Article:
The JCCSF Fitness and Community Wellness Manager Laura Greenfield publishes her column, Laura's Corner, in the monthly Member Newsletter, delivering up-to-date information on classes, workshops, new activities and special discounts at the JCCSF Fitness Center. Check out Laura's tips and insights in the latest issue or sign up to receive this monthly newsletter.
Laura's Corner: April 2014
JCCSF Fitness &
Community Wellness Manager
Stress & Weight Gain
“Often, our response to stress today is to sit and stew in our frustration and anger, without expending any of the calories or food stores that we would if we were physically fighting our way out of stress or danger. Often, eating becomes the activity that relieves the stress.”
– Shawn Talbott, PhD,
The Cortisol Connection
Many of us are prone to gaining weight when we’re stressed, but there’s often more to it than overeating. The ways that stress can lead to weight gain are both physiological and emotional.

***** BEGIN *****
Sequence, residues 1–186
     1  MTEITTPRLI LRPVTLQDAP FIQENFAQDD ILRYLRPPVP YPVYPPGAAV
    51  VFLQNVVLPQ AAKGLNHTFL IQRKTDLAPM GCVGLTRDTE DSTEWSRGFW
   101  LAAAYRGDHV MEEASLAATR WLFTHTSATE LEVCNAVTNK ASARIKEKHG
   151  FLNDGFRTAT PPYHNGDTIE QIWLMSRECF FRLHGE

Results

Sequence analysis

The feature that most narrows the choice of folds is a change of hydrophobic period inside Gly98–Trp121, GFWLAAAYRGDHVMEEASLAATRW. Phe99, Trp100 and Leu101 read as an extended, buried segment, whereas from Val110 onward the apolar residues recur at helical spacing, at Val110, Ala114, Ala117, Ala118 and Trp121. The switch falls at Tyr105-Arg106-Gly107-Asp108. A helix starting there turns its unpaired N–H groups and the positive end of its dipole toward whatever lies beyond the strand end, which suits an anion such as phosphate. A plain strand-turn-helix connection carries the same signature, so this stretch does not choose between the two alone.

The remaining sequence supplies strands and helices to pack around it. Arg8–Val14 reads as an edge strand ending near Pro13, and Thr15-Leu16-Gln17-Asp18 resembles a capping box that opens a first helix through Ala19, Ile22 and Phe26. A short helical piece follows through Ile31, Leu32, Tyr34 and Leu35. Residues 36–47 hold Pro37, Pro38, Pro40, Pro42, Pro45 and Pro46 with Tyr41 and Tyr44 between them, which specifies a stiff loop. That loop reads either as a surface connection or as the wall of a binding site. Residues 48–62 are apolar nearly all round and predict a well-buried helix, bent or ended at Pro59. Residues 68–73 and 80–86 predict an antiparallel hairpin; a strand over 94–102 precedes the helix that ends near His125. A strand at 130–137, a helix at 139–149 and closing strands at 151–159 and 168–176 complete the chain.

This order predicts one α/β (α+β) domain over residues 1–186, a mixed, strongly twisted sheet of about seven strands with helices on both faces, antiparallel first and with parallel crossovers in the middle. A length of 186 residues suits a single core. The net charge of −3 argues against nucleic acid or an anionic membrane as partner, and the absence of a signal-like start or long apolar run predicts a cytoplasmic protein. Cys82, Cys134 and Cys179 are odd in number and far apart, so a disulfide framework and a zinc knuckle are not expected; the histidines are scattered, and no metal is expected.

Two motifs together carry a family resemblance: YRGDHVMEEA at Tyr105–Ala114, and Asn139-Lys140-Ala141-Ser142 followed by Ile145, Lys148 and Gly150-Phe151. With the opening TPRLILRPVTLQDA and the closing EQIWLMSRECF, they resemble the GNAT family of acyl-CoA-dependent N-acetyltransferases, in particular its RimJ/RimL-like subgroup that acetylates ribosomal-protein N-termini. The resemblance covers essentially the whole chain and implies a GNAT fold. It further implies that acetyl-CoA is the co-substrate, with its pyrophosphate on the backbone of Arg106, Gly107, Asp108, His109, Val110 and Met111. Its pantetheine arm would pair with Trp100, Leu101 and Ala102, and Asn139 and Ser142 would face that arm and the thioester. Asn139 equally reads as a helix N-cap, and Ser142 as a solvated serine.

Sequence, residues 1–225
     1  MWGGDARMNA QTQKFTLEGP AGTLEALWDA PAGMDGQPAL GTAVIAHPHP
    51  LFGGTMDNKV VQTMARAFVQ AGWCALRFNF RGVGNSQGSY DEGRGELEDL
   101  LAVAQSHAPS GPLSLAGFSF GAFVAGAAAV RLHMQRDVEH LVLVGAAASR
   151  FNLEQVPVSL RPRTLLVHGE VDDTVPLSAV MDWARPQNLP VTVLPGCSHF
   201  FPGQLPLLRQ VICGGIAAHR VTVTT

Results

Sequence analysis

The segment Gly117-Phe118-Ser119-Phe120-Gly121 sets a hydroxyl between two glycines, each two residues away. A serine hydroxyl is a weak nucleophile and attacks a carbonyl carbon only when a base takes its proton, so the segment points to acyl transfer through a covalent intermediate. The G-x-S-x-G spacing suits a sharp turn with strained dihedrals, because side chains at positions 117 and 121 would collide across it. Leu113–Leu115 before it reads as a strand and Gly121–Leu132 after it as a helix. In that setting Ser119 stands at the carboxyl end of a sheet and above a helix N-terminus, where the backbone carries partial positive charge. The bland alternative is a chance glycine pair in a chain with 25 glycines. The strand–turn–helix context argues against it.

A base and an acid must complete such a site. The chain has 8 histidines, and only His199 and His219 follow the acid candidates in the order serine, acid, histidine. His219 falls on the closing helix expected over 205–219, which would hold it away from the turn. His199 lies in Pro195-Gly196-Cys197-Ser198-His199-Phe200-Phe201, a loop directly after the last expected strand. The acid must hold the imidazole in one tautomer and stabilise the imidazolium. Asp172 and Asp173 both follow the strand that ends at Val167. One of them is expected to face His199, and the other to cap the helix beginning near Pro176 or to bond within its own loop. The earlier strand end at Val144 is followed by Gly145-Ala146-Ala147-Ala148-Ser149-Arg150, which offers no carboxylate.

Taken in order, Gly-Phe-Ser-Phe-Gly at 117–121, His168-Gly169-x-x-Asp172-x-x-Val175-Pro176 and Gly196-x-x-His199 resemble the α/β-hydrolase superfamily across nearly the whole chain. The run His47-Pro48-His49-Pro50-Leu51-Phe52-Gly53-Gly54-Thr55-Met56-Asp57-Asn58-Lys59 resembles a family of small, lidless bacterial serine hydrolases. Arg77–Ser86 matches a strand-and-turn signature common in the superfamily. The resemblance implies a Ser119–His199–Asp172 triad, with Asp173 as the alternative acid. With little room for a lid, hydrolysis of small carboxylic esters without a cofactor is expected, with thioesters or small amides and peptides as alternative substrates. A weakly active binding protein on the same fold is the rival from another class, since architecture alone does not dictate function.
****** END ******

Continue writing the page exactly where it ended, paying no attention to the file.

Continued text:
Cortisol: This ”fight or flight” hormone released during times of stress slows down metabolism. Some studies have indicated that higher levels of cortisol lead to increased abdominal fat. Increased levels of cortisol also dull the body’s response to leptin, the hormone that makes us feel full, making us eat more.
Leptin & Ghrelin: Stress often results in insomnia. A lack of sleep may disrupt the functioning of leptin and ghrelin, chemicals that control appetite.
Serotonin: If you find you are binging on carbohydrates when you are stressed, no surprise. That is your body’s attempt to raise levels of the neurotransmitter serotonin (the “mood elevator”), which is temporarily raised by eating fatty, salty and sweet carbo-loaded foods.
Instead of reaching for the chips during stressful times, try to implement some stress reduction techniques into your daily routine. Exercise can decrease cortisol and trigger the release of serotonin. It can also help speed up your metabolism to burn off the extra indulgences. But meditation, yoga, nature walks, mindful eating and even socializing can help too. You’ll advance faster!
|Have questions about fitness or training? |
Email Laura Greenfield.